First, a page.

So we have toilets added to the internet of things, ever bigger screens, Apple finally realising their walled gardens don’t work, and, pah...
When the most exciting item was a $700 piece of wood that showed you stuff your mobile could do better, you have to ask if we have reached Maxi Tech.
We have more money than sense and certainly more hardware than we need.
A very long time in this blog I predicted the mobile as a remote and a payment device and then a screen. Beyond sensors and input and output devices you need little else.
We should have less tech not more.
3D, VR, 4K, 8K, Dolby 99:1. Who really needs it (especially with the paucity of content in each format)?
We’ve had driverless cars, or the promise of then, on the road for a decade.
Apart from the wonderfully insane Elon Musk, no one seems to be making the future happen any more.
The motoring press went gaga over the new Audi driving console, but to me it looks like a poor advance from the car my dad drove in the 60s with knobs and wheels and shit you don’t need, and still two decades behind Tesla.
As Apple are finding out, more is not enough. Simple and good is what we want.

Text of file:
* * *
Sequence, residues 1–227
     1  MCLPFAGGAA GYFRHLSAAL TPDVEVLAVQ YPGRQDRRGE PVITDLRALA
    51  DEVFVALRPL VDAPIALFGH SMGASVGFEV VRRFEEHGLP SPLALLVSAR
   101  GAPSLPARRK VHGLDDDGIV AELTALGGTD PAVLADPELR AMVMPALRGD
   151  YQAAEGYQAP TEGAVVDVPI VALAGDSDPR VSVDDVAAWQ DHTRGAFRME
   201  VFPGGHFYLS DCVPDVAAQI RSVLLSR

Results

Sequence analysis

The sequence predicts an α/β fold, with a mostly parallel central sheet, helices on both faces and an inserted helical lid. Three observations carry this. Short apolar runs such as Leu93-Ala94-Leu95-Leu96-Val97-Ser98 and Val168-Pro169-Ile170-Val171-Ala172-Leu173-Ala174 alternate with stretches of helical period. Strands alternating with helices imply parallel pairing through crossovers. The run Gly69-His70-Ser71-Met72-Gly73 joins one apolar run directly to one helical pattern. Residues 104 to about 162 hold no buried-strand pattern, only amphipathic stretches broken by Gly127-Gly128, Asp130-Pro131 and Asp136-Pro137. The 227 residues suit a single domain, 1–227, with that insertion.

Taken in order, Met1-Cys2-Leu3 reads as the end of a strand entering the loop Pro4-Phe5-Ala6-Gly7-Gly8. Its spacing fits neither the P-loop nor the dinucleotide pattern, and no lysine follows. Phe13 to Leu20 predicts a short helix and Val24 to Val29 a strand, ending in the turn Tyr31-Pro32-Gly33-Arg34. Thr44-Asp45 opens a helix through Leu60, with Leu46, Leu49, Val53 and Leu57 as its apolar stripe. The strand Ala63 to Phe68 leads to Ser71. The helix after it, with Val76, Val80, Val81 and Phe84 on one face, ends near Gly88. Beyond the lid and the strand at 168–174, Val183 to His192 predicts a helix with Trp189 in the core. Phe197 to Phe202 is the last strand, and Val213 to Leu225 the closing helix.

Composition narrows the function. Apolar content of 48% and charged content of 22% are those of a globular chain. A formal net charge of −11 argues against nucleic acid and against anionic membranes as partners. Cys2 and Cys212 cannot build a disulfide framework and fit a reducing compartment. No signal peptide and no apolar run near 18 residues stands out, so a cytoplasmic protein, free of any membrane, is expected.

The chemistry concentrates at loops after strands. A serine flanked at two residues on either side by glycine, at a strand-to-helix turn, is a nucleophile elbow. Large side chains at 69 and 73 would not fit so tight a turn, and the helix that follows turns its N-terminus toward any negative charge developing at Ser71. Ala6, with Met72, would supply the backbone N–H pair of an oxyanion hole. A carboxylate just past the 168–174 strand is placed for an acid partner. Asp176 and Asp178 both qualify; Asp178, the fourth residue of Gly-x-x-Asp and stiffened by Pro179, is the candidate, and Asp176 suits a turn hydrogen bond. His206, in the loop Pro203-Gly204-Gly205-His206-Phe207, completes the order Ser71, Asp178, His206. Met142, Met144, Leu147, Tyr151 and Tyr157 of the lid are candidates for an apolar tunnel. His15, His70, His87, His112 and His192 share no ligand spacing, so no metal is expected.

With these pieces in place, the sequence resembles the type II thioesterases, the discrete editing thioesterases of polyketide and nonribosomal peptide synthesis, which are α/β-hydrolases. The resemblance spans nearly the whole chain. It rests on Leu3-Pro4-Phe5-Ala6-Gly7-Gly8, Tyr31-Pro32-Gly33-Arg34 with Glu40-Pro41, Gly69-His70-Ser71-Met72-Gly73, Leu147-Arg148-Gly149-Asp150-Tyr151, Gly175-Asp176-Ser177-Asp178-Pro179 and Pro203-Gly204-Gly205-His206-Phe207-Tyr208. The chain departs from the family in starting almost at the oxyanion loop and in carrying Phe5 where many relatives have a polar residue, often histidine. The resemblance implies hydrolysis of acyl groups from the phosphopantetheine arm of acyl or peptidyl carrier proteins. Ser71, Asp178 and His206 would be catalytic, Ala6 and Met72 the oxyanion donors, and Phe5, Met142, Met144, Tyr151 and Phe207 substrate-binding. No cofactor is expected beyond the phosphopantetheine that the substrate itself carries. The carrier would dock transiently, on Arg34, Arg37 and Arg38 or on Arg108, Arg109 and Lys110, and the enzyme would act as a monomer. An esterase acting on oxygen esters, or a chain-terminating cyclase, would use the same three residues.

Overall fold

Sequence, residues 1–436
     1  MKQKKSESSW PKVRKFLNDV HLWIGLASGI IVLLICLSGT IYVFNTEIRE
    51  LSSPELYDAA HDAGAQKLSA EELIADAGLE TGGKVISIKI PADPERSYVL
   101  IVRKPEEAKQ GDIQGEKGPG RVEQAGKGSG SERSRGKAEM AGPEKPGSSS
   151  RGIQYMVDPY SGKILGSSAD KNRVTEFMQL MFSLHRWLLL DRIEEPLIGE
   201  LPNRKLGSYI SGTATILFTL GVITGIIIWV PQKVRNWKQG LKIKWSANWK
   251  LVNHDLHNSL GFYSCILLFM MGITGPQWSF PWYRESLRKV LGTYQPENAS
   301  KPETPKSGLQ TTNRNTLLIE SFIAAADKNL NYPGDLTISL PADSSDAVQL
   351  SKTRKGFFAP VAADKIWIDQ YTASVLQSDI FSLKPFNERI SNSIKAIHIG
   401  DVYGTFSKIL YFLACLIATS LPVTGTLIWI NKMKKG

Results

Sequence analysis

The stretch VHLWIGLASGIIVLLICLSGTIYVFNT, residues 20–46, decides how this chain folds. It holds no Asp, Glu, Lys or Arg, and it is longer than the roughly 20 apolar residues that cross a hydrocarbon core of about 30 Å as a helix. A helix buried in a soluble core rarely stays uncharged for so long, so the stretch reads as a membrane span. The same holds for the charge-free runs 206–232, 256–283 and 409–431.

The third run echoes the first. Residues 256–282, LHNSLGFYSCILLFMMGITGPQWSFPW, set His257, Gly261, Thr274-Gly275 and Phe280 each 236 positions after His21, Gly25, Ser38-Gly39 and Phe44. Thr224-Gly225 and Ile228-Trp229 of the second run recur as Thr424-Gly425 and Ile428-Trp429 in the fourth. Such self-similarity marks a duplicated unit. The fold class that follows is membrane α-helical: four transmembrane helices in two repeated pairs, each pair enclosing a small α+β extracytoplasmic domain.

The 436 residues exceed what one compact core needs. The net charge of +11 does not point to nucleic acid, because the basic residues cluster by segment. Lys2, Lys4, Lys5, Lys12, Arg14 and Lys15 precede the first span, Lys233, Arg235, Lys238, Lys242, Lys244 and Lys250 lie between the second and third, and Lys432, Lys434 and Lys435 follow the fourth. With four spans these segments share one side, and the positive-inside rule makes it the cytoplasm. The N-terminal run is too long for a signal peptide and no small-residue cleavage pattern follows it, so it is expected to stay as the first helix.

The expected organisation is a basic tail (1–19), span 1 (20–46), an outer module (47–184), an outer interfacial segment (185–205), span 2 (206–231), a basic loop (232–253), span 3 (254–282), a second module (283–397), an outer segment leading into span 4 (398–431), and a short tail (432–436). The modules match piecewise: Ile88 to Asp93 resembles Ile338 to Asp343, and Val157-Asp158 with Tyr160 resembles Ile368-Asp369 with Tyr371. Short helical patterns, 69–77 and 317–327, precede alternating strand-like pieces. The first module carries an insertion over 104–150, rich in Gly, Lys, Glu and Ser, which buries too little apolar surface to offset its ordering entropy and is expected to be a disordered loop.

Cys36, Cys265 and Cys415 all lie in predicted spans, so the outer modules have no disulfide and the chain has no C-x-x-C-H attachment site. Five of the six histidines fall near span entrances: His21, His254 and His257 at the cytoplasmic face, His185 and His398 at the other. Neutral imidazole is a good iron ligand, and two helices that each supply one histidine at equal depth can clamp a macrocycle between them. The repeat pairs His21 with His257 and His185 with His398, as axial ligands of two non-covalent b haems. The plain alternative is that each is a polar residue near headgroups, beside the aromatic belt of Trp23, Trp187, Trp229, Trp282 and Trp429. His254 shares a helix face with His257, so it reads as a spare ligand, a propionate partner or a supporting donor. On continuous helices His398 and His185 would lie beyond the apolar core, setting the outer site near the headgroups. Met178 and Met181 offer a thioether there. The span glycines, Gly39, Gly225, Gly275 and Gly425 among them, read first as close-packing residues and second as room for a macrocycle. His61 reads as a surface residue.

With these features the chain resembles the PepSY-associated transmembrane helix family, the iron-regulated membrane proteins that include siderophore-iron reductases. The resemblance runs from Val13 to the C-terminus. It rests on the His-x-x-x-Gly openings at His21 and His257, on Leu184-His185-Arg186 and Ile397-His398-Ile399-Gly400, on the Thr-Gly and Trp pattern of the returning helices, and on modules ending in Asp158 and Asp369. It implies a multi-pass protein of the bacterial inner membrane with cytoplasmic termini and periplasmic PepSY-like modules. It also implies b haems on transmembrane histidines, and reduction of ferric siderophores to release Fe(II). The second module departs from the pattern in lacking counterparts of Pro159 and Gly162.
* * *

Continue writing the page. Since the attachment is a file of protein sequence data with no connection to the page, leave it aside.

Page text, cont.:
During the past few weeks I have been trying out my mate’s camera in anticipation of his wedding this weekend (I used to be a professional cameraman). The Canon Eos 80D is ranked as a amateur camera with a 550 page instruction book - the flash adds another 120 pages. It happens to also be a pretty dreadful camera in my view. My wife’s Pixel 3 takes better pictures in almost all conditions.
On one hand we have AI that delivers little (although Alexa and OK Google are truly impressive) and then endless complexity.
Tech companies cannot decide if they want to be simple or to be all things to all people.
And this is the crux of why CES has become pointless.
And then, as you are coming to this conclusion, IBM launches its first commercial quantum computer. It’s like being in 1965 all over again. It’s huge, ungainly, but a massive leap from what went before it.